COOP (Chicken Owners Outside Philadelphia)
COOP (Chicken Owners Outside Philadelphia)

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Tour spotlights urban chicken farming

Source: East Valley Tribune (Phoenix)
Date: December 3, 2009
Byline: Mandy Zajac

The chicken may have crossed the road to get away from situations just such as this: A flood of people streaming through the coop all day long to "ooh" and "aah" and ask if brown eggs taste better than white ones.

It's what Valley hens will have to deal with 10 a.m. to 3 p.m. Saturday, when the Phoenix Permaculture Guild hosts its first-ever Tour de Coops, a self-guided tour of 12 backyard poultry operations all over town.

"There's really been an uptick in interest, among young people especially, in growing their own food, even if they live in cities," says Nicholas DiBiase, a volunteer with the guild. "Chickens go hand in hand with that. They produce eggs, of course, but they also support the garden by eating pests and scraps and enriching the soil."

Indeed, raising chickens within city limits just may be a phenomenon. Portland, Ore., has hosted a coop tour for six years. Austin, Texas; Raleigh, S.C.; and Fort Collins, Colo., have tours as well. And the Phoenix guild, which offers classes on raising your own chickens, has seen interest in the courses swell from a just a handful to more than 100 at a time.

Saturday's tour features urban and suburban backyards that house anywhere from three to 135 birds.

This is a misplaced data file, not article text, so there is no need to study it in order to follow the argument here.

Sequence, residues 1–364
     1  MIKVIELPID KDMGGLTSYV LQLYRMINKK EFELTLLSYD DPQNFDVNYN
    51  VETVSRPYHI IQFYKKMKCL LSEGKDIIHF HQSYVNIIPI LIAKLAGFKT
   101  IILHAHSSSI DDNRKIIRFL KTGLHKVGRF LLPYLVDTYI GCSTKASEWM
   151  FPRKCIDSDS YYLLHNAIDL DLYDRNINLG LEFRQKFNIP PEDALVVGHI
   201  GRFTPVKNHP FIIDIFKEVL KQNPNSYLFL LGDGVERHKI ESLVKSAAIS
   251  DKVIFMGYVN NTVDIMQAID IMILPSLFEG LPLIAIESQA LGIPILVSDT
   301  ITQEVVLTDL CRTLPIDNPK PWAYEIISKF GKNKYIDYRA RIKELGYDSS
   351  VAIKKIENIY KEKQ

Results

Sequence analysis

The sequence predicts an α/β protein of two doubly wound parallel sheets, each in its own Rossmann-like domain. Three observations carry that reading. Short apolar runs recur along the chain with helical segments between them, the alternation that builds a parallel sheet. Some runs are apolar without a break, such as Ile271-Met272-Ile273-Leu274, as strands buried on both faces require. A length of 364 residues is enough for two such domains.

"There's a lot of variety. Most of the coops have chickens, but some have ducks and there are even quail at one of them. Most of them also have gardens, and you'll be able to see how they work together," says DiBiase.

Among the stops are Gilbert's nearly three-acre hobby farm Chickabee Gardens and The Bee Oasis in Mesa, a chicken coop and garden created by Don Titmus, one of the guild's founders.

"It's a small, residential lot, pretty typical of what most of us in the urban environment have to work with. In terms of space, it's not very big but it's very well-thought-out and well-planned, and really shows you what most people could do with the space they have," says DiBiase.

On the tour, visitors will be able to ask questions of coop owners and learn more about urban sustainability in general.

"We just hope to inspire people and educate them, and we want them to have fun, too. We hope some people will start a garden or a coop of their own," says DiBiase, 30, who is in the process of building his own moveable chicken coop for his Phoenix backyard.

"I grew up as a total urbanite, never in touch with nature whatsoever. For me, it's primarily about having my own eggs and the garden support. I'm into knowing as much about my food as I can, and there's no better way to do that than to grow it yourself," he says.

Tickets are $10 each. They are available online at or at the Phoenix Public Market Urban Grocery and Wine Bar at 14 E. Pierce St., Phoenix.

You can also buy tickets the morning of the tour at the following locations: 2652 E. Butte Circle, Mesa; 17346 E. Melody Drive, Gilbert; 2209 W. Runion Drive, Phoenix; 6735 N. 11th St., Phoenix; and 3402 E. Menadota Drive, Phoenix.

You will get a booklet and map to the 11 remaining tour stops once you buy your ticket at one of these starting points. Organizers recommend bringing a detailed city map with you to help pinpoint your route.